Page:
The easy way to tell if your technologies could be causing smarketing hiccups is with an IT-related audit. Find out what systems are being used. If they don’t work together, see if they can be integrated through third-party solutions. Alternatively, look into investing in a centralized system that can serve everyone’s needs. When you make it simple (and practical) to share items, you fuel future smarketing transparency and success.
4. Get on the Same Page With Customer Personas
Marketers regularly leverage customer personas to bring leads into the business. Those leads are then handed over to sales to convert. What happens, though, when there’s a mismatch between ideal personas? In that case, sales may feel like marketing’s not doing its job. That’s a large stumbling block, particularly if you’re hoping for sales-marketing alignment.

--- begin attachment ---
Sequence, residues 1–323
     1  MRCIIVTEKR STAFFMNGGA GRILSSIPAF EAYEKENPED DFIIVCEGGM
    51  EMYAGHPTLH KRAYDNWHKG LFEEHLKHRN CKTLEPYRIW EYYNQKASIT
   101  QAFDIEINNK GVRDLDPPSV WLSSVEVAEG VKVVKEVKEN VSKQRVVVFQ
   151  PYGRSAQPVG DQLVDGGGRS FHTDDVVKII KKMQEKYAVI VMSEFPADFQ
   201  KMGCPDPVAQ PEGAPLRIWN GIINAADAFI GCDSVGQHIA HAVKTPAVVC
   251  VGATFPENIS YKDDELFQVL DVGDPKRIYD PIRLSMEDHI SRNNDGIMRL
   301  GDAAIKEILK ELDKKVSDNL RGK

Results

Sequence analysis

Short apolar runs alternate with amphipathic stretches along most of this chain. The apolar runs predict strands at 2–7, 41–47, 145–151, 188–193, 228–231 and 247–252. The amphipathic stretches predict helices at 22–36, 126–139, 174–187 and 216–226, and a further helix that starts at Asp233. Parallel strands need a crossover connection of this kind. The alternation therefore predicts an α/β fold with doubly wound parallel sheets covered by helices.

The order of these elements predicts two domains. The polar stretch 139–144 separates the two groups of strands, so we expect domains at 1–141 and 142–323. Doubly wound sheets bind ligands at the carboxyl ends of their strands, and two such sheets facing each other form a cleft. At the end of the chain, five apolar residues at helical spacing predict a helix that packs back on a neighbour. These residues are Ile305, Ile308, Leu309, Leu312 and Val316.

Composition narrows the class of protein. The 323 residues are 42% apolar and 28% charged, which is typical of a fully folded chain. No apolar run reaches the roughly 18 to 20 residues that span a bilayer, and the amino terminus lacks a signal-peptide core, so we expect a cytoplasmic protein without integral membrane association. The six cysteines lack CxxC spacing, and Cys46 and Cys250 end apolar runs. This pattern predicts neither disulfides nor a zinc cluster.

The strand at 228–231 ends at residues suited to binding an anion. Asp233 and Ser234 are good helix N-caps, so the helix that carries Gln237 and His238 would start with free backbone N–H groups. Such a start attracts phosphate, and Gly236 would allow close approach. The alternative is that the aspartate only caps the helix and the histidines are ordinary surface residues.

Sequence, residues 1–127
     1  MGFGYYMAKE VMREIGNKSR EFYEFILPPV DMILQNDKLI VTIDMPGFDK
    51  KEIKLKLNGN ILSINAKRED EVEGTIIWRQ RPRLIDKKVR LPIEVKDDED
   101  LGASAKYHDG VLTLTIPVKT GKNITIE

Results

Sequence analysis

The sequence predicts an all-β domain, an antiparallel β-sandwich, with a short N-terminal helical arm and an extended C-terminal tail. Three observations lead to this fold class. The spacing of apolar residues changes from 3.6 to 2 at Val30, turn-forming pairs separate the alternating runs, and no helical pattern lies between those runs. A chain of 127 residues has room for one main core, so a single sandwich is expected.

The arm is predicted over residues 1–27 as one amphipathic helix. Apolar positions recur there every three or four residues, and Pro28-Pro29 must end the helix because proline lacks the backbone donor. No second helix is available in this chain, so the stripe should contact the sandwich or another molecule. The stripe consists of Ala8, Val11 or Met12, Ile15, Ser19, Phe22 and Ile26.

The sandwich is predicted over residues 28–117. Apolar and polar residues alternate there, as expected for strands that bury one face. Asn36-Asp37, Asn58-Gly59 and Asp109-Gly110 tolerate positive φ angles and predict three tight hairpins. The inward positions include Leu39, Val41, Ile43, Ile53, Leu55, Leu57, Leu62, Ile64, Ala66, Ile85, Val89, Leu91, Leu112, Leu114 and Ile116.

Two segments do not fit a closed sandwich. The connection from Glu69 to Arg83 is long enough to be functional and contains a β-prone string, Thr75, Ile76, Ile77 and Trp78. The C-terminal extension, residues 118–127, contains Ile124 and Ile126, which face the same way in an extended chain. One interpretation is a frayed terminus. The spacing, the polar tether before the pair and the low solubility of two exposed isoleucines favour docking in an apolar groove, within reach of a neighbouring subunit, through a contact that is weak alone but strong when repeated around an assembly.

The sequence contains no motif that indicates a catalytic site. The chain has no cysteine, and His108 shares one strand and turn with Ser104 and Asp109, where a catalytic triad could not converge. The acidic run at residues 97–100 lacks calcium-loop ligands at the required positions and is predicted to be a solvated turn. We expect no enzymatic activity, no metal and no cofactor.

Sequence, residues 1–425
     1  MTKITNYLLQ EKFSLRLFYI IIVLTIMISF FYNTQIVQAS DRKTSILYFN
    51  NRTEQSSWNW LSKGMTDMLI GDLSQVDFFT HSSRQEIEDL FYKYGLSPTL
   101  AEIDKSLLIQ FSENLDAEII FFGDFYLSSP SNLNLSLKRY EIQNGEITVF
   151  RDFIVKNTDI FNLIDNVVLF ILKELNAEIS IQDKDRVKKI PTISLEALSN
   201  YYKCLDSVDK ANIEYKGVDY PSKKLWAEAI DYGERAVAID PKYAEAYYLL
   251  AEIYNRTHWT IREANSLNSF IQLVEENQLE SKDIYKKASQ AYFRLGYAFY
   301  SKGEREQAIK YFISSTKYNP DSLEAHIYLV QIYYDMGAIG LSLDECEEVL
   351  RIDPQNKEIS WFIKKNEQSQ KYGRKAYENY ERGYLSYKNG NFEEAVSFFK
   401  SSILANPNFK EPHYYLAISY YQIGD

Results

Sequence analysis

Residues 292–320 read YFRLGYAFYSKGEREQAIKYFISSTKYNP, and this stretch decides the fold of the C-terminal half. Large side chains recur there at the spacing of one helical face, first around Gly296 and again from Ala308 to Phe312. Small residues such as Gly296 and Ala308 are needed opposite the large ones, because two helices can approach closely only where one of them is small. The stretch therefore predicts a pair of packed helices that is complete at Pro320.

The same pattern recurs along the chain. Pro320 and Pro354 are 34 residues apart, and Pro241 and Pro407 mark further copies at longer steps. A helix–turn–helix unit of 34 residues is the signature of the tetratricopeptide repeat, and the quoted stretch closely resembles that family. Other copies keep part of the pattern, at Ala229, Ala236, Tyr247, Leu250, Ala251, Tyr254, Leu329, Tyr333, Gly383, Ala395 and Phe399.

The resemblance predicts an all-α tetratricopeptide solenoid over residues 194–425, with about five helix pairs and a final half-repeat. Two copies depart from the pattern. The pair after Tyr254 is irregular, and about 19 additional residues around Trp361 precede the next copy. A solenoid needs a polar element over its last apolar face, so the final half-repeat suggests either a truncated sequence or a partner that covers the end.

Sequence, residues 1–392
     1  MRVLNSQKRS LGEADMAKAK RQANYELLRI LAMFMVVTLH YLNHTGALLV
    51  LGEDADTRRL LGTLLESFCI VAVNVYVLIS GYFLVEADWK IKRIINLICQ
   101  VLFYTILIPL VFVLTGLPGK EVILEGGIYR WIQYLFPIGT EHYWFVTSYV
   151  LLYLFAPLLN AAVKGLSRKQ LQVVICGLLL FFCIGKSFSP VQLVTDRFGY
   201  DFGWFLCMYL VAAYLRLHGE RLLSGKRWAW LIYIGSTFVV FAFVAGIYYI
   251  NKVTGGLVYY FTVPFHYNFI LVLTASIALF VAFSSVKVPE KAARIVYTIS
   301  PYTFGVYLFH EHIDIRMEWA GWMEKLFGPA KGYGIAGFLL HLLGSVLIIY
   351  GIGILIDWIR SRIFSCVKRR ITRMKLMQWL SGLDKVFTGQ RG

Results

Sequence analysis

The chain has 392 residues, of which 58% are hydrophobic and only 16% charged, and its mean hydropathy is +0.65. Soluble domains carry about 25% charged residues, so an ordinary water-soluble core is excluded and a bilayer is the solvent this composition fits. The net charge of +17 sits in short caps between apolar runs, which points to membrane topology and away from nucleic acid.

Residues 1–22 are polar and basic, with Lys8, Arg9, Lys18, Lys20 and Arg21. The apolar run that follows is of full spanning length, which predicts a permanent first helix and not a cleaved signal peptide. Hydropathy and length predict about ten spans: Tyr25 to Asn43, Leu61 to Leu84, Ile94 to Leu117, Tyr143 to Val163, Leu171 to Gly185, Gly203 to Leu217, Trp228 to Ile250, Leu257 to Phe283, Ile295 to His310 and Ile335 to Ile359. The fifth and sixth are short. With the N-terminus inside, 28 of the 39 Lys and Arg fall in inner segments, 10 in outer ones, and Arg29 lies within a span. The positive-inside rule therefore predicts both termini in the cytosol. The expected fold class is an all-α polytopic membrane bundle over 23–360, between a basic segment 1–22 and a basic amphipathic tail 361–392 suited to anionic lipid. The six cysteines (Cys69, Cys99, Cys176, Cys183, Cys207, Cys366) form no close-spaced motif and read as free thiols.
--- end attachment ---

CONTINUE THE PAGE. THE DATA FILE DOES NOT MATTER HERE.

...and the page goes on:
At some point, gather everyone for a session to discuss customer personas. Have marketing share their thoughts, and ask sales to contribute to the discussion. Remember that salespeople may have a stronger sense of which consumers would make better personas. They may also be able to inform marketers of persona concerns based on what they hear day to day. Marketing employees can use what they discover to update their strategies and attract stronger leads.
5. Create and Share Short-Term and Long-Term Goals